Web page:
San's Marine denied any wrongdoing or ill-treatment of its workers, but one of the workers, who spoke on condition his identity was protected, told Al Jazeera that they were "treated like animals".
"We are badly beaten if we speak a word to them. They keep us in such a way that nobody can hear us, even if we die starving, they wouldn't care," he said.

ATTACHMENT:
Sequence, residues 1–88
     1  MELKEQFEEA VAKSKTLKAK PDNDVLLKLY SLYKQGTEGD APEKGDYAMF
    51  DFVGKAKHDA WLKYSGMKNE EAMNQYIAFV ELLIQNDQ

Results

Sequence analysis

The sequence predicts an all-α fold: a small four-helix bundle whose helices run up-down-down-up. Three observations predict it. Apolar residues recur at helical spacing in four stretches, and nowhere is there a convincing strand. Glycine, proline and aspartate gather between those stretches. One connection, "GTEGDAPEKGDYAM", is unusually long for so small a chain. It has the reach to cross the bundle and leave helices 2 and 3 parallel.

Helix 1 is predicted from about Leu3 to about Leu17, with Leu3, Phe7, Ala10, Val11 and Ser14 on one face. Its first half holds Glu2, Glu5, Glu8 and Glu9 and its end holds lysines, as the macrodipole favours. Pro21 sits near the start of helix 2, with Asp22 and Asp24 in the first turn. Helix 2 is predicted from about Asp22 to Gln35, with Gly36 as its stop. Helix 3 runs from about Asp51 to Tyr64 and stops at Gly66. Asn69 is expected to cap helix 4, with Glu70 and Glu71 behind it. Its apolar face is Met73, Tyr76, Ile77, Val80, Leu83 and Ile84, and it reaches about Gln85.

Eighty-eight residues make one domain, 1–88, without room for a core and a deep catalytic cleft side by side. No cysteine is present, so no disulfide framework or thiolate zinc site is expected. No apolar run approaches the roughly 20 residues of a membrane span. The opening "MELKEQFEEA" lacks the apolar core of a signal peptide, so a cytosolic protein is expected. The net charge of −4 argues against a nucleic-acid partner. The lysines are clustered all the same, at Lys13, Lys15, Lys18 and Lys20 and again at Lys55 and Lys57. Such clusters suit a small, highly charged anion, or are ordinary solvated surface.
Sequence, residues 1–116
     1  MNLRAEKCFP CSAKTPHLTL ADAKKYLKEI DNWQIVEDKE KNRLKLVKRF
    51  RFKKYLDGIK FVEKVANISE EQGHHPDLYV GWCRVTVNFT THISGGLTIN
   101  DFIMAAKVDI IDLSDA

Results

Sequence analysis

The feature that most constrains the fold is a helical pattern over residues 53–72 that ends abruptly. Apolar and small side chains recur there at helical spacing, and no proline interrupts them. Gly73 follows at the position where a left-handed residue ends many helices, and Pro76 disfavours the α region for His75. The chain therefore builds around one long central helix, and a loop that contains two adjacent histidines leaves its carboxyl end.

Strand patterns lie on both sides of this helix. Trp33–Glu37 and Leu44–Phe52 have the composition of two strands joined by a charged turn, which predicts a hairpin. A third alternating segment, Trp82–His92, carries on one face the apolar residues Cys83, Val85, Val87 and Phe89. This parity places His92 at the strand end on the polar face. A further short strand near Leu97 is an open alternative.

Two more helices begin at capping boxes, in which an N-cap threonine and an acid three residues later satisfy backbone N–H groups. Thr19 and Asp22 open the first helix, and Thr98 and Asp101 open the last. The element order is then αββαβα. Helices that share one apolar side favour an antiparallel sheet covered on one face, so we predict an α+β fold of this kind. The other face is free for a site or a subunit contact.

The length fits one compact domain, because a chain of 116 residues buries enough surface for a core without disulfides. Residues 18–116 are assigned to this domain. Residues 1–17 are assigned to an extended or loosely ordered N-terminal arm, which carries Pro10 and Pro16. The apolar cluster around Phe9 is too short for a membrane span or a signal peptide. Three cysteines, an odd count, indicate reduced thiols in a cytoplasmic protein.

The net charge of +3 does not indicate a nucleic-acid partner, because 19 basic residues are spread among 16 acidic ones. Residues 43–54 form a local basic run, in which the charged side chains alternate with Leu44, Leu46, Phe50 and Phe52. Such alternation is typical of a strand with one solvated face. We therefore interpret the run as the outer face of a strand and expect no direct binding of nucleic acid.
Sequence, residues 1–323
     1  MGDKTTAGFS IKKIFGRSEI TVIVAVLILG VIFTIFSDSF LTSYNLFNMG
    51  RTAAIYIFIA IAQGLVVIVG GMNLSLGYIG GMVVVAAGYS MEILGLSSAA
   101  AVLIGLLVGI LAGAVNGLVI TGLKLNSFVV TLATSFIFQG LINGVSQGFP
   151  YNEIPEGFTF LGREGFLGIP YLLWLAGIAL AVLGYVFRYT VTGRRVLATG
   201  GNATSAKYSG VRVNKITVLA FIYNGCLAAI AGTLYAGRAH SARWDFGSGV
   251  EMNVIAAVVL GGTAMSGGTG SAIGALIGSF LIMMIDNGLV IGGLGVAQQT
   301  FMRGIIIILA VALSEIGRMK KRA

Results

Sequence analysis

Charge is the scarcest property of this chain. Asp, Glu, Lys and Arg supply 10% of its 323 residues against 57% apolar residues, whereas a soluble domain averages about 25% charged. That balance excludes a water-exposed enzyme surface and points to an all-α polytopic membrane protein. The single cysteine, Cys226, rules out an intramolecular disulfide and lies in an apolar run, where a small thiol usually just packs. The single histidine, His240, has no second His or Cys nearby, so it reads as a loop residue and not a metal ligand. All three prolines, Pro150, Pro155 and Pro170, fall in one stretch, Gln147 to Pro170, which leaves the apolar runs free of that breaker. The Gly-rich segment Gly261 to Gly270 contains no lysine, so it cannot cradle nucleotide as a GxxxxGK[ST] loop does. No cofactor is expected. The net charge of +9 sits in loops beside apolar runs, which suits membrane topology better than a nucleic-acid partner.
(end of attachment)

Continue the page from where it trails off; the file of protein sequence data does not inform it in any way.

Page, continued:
An aid agency says more than 50 migrant workers living in similar circumstances, ran away from their employers after our story was broadcast.
Speaking in parliament in April, Gan Kim Yong, Singapore's acting manpower minister, had said that rogue employment agencies involved in false job scams could be punished with six months' jail and a $10,000 fine if they were unlicensed repeat offenders.
But he also said that workers who chose to work illegally instead of participating in government programmes to help them could be jailed up to a year and fined up to $5,000.